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About Tux Machines

Tuesday, 26 Jul 16 - Tux Machines is a community-driven public service/news site which has been around for over a decade and primarily focuses on GNU/LinuxSubscribe now Syndicate content

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Quick Roundup

Type Title Author Replies Last Postsort icon
Story some howtos: srlinuxx 18/11/2009 - 3:17am
Story Revisiting KDE 4 srlinuxx 2 18/11/2009 - 4:57am
Story Samsung Sponsors The Development Of Enlightenment srlinuxx 18/11/2009 - 5:30am
Story Adobe Flash Player 10.1 Beta For Linux srlinuxx 3 18/11/2009 - 7:50am
Story today's leftovers: srlinuxx 1 18/11/2009 - 10:06am
Story KDE 4.4 aims to take free desktop skyward srlinuxx 1 18/11/2009 - 2:32pm
Story Real Chrome OS developer preview screenshot srlinuxx 18/11/2009 - 4:06pm
Story Why Ubuntu release schedules should be changed srlinuxx 18/11/2009 - 4:07pm
Story Debian – The Universal Operating System srlinuxx 18/11/2009 - 4:08pm
Story 20 Essential Tips Every Ubuntu User Should Know srlinuxx 18/11/2009 - 4:10pm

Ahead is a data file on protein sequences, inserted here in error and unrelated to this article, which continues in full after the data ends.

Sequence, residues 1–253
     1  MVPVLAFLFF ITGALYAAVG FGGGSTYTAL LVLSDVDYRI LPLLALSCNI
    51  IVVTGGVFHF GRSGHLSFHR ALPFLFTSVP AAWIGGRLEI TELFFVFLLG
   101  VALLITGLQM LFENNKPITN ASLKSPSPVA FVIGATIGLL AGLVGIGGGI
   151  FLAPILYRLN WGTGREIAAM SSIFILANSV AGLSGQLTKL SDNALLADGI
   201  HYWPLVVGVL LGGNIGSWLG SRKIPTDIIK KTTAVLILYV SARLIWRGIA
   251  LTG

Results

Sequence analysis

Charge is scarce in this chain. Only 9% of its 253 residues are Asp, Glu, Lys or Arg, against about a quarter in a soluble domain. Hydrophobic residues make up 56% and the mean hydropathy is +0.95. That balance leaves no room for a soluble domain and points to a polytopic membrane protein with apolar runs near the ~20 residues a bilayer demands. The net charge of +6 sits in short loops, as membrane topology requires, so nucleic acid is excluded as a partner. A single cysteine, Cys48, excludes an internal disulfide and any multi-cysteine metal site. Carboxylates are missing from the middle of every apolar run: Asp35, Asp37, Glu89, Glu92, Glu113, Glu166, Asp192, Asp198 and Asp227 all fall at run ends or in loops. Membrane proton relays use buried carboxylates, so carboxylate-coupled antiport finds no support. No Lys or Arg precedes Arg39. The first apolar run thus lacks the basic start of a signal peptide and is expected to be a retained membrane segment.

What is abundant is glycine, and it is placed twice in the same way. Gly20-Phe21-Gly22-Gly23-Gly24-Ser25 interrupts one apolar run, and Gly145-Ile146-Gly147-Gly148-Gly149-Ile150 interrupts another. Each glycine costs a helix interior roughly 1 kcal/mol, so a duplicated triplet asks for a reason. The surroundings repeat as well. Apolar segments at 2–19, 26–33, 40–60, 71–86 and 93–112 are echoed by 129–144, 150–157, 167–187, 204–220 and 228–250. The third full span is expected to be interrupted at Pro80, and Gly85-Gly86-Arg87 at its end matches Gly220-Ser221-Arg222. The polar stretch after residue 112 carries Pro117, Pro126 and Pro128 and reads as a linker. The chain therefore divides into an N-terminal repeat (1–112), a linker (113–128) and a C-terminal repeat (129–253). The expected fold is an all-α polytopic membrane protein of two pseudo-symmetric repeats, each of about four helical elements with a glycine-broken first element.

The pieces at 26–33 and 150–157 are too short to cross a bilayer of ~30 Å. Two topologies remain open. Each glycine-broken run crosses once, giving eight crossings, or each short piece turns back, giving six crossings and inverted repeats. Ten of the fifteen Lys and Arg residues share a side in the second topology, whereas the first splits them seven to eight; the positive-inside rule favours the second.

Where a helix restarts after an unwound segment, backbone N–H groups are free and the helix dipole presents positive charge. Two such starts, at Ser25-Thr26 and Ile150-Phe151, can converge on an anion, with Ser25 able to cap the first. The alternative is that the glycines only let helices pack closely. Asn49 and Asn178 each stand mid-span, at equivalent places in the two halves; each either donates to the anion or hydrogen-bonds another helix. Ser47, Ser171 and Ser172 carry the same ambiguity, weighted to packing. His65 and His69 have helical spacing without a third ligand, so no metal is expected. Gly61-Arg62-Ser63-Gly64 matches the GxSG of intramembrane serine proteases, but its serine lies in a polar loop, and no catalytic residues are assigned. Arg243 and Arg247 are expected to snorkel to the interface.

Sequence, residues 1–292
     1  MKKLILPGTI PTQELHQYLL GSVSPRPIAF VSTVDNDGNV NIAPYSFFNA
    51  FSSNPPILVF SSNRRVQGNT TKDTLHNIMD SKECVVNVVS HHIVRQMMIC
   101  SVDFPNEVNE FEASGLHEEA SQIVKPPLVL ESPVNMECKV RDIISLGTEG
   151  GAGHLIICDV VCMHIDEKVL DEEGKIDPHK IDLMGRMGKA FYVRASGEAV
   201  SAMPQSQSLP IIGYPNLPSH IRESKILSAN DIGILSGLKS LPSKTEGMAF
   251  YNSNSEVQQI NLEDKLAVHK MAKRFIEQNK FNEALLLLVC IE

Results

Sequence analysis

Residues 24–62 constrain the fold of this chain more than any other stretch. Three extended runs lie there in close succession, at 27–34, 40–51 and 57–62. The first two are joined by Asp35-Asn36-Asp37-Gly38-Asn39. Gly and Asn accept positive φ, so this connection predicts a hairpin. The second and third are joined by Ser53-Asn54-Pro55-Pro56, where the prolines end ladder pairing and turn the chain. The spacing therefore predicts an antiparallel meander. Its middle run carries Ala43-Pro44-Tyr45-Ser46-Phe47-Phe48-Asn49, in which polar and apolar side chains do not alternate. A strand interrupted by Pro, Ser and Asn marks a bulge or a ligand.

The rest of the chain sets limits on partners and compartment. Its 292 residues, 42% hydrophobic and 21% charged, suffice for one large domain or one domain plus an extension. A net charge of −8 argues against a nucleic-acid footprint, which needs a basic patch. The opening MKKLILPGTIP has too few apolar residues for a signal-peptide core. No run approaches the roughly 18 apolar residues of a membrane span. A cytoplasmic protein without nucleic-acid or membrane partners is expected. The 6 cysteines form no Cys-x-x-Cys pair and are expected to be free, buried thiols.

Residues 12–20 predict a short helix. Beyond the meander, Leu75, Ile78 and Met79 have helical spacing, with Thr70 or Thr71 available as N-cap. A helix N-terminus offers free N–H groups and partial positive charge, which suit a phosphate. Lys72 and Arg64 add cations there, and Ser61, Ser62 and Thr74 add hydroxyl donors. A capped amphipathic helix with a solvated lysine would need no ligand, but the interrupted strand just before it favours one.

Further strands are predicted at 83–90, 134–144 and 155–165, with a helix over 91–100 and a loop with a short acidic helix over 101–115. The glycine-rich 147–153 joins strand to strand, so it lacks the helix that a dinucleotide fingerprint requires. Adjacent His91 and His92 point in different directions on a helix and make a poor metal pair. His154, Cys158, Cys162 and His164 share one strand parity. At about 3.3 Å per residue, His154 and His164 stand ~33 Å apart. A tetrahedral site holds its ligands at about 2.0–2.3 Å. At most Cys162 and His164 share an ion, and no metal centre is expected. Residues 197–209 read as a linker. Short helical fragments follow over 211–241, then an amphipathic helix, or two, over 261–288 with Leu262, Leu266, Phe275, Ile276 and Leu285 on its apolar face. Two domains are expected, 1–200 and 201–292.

Epatec dwarf PC makes a capable thin client

Filed under
Linux
Hardware

What can you do with a tiny 200MHz computer? We tested such a computing dwarf, the Epatec eTC thin client, and found you can save big money with this box by using it as a thin client.

System Administration Toolkit: Problems and pitfalls

Filed under
Linux

Knowing the right way of dealing with full disks, or a crippled system, is nearly as important as having tools in your arsenal to make sure you're prepared to react quickly to missing files or an insecure system. Avoid common pitfalls and traps to help keep your system running smoothly. This article focuses on some of the most common problems and issues facing UNIX administrators and ways to achieve a safe and effective resolution.

MiniTutor: Shell Colors and Cursor Positions

Filed under
Linux

If you are the lord of the terminal you probably know it's possible change colors and also cursor position, or control text. Sometimes you can use controlled characters to modify texts and how they are displayed, and also for fun you can draw, create animations, statusbar, progressbar and more.

Who Is Marketing Linux?

Filed under
Linux

Seriously. While a great many people still maintain that Linux isn't quite readyfor the desktop (myself occasionally being one of them), it has struck me thatsomething is far more important than developers' ability to code, or the GUI'sability to imitate a seamless user experience. It's great marketing. Wads of cash certainly helps this, and ultimately, if 90% of your overinflated budget is pumped into marketing, your software is bound to succeed.

RedHat's response: Interview with Mark Webbink (RedHat)

Filed under
Interviews